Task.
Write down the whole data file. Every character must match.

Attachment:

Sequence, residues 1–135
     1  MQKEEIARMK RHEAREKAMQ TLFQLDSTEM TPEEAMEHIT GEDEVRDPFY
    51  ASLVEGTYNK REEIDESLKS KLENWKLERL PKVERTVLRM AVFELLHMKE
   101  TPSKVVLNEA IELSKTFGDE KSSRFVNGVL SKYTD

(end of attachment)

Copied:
Sequence, residues 1–135
     1  MQKEEIARMK RHEAREKAMQ TLFQLDSTEM TPEEAMEHIT GEDEVRDPFY
    51  ASLVEGTYNK REEIDESLKS KLENWKLERL PKVERTVLRM AVFELLHMKE
   101  TPSKVVLNEA IELSKTFGDE KSSRFVNGVL SKYTD